Full Time Advice

@SoCalMama wrote:

I said that on page one and got no response at all. At $50 a day, she would be eligible for food stamps and welfare. That's called EBT/SNAP in CA.

My speculation is that she probably has some sort of supplemental income(s), whether the person has a spouse covering the majority of the income, a pension, trust fund, disability, businesses that provide passive income, etc.

EDIT: Lol never mind. Looks like she answered already.

Shopping the Greater Denver Area, Colorado Springs and in-between in Colorado. 28 year old male and willing to travel! Badged for Denver International Airport.


Edited 1 time(s). Last edit at 04/12/2018 05:23PM by Tarantado.

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@Tarantado wrote:

@SoCalMama wrote:

I said that on page one and got no response at all. At $50 a day, she would be eligible for food stamps and welfare. That's called EBT/SNAP in CA.

My speculation is that she probably has some sort of supplemental income(s), whether the person has a spouse covering the majority of the income, a pension, trust fund, disability, businesses that provide passive income, etc.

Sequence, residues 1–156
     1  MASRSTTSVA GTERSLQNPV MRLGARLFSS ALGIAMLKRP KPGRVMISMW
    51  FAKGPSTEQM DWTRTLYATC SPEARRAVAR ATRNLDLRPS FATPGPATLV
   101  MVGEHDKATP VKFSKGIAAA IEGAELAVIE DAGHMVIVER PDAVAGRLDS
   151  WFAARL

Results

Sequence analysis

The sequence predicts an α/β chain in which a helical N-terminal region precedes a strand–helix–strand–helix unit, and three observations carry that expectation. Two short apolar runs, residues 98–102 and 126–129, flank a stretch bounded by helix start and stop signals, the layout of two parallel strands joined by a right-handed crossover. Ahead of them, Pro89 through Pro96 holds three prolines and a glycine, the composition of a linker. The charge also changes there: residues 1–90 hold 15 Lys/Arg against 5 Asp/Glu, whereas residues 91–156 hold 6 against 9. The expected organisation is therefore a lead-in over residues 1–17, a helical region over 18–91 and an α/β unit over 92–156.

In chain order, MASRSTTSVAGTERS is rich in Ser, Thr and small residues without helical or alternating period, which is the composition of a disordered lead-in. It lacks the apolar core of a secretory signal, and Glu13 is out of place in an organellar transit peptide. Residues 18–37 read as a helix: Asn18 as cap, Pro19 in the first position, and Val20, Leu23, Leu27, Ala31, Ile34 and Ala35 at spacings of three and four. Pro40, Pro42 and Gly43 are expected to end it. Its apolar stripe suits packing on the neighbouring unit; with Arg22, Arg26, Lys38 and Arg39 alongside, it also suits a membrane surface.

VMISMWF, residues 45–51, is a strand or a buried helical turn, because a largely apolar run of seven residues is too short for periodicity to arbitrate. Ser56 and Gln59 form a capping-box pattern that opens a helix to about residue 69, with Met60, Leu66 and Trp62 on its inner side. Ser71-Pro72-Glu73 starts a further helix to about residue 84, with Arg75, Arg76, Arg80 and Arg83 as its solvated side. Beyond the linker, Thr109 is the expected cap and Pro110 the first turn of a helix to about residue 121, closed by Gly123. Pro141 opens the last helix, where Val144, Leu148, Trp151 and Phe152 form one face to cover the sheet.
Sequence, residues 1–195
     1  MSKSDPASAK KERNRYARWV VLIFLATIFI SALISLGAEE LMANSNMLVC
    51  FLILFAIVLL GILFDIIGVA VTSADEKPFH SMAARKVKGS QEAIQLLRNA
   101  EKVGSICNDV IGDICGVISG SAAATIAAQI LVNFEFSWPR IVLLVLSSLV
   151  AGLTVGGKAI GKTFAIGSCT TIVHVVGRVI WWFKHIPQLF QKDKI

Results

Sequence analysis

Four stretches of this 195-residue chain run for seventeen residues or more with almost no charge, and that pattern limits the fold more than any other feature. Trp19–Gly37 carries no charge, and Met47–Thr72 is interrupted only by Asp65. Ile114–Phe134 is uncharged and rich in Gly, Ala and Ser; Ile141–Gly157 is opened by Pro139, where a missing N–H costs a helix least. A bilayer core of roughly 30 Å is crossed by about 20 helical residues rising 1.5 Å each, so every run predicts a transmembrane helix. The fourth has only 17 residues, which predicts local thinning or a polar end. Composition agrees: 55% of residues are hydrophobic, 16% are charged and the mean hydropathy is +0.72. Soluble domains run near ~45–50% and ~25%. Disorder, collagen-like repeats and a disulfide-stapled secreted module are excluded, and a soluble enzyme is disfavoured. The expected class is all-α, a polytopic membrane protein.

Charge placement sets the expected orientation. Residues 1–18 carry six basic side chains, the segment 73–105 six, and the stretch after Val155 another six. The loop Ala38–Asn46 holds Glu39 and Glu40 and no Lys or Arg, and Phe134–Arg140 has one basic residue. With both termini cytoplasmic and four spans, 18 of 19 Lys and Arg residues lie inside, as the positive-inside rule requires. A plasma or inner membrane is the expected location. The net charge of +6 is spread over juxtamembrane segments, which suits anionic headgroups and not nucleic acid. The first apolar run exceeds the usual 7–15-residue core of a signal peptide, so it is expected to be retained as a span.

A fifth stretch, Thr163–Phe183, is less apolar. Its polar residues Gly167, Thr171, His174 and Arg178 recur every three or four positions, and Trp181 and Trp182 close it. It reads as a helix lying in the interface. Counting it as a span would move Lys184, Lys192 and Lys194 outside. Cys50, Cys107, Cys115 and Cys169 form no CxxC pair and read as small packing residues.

EDIT: Lol never mind. Looks like she answered already.

Hey there! Your signature says you shop along the front range in Colorado. Is it worth it? Do you shop full time there? I am very seriously considering moving back to Denver.
Kyrat, are you doing age compliance shops? I think the majority of shoppers are out of the demographic for that. You could really do well.
@Kyrat4216 wrote:

Hey there! Your signature says you shop along the front range in Colorado. Is it worth it? Do you shop full time there? I am very seriously considering moving back to Denver.

I like it, but very competitive. I only shop part-time though.

Shopping the Greater Denver Area, Colorado Springs and in-between in Colorado. 28 year old male and willing to travel! Badged for Denver International Airport.
I live on the Western Slope of Colorado, about 5 hours from Denver. I keep up with the shops all over the state. It is reasonable to make 100-200 a day but not as easy as Southern California since Denver has less then 700,000 people and the closest cities are about an hour away if you wanted to travel. The real estate and rent is also going through the roof any where near Denver, although right now still cheaper than San Diego.
@Freemon21 wrote: